No Casinos Urges Florida Supreme Court To Strike Down Seminole Gaming Compact

No Casinos Urges Florida Supreme Court To Strike Down Seminole Gaming Compact
Fact Checked by Nate Hamilton

An anti-gaming expansion group has told the Florida Supreme Court that the compact allowing online Florida sports betting agreed to by state leaders and the Seminole Tribe “violates the text, spirit, and public policy” of the state’s constitution.

No Casinos filed an amicus brief with the state’s top court on Monday evening urging the justices to strike down the 2021 agreement reached by Gov. Ron DeSantis and Seminole leaders as well as the codifying law passed by the state legislature. The group, along with the tribe and the Walt Disney Company, pushed for an amendment to the Florida Constitution that voters ratified five years ago to require a statewide referendum on any proposal to expand casino gaming off tribal lands.

“Respondents’ willingness to overlook and attempt to contract and then legislate around that power, via a legal fiction that sports betting authorized by the Compact is deemed to take place on Tribal land (wink, wink) should not be countenanced,” the brief states.

Brief Filed On Deadline

Monday was the final day for No Casinos to file its brief with the court, which gave the group a 10-day extension on Oct. 6. No Casinos is not a plaintiff in the case filed last month by West Flagler Associates and Bonita-Fort Myers Corp. against DeSantis and legislative leaders. Attorneys for the state urged the court not to give an extension, but they may now seek one for their response, which is due Nov. 1.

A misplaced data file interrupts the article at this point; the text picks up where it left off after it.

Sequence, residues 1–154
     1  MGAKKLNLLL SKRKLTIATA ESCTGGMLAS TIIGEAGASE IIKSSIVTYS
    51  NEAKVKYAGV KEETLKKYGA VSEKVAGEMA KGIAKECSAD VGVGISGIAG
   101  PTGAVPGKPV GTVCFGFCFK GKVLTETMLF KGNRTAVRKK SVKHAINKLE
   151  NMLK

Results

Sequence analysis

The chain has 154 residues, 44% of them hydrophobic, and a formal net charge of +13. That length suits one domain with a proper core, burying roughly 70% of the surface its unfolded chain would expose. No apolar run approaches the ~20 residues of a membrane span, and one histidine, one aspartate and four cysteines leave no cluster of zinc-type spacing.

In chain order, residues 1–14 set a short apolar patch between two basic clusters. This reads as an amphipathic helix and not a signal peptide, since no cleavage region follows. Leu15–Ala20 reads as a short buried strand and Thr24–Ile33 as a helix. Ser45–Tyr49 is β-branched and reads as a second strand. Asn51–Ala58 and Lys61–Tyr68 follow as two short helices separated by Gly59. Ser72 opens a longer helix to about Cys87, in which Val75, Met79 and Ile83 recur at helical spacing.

West Flagler and Bonita-Fort Myers filed the state lawsuit after a federal appeals court overturned a U.S. district court decision that struck down the compact. The three-judge panel said that some of the issues brought up in the case should be reviewed by a state court. In addition to the state case, the plaintiffs plan to appeal their federal case to the U.S. Supreme Court.

Seminole Tribe Does Not Plan To Respond To U.S. Supreme Court Case

Speaking of the federal case, the Seminole Tribe filed a letter with the U.S. Supreme Court Monday. While the tribe is listed as a respondent in the case, it is not officially a party in it. West Flagler and Bonita-Fort Myers sued the U.S. Department of the Interior and Interior Secretary Deb Haaland for allowing the compact to take effect. The department must review all tribal gaming compacts to ensure they comply with the Indian Gaming Regulatory Act.

Seminole leaders have tried to intervene in the federal case at both the district and circuit court levels but to no avail. Last week, Chief Justice John Roberts issued a temporary stay that keeps the appeals court’s decision from taking effect. Roberts also called on the federal government to respond to the request for a stay by Wednesday.

“The Tribe does not intend to file a response to the stay application,” the letter reads. “However, the Tribe would gladly file a response should the Court desire one from the Tribe.”

Stay tuned for more sports betting updates and read up on all of the best Florida sportsbook apps that could make their way to the Sunshine State as soon as sports betting is legalized.



Steve is an accomplished, award-winning reporter with more than 20 years of experience covering gaming, sports, politics and business. He has written for the Associated Press, Reuters, The Louisville Courier Journal, The Center Square and numerous other publications. Based in Louisville, Ky., Steve has covered the expansion of sports betting in the U.S. and other gaming matters.

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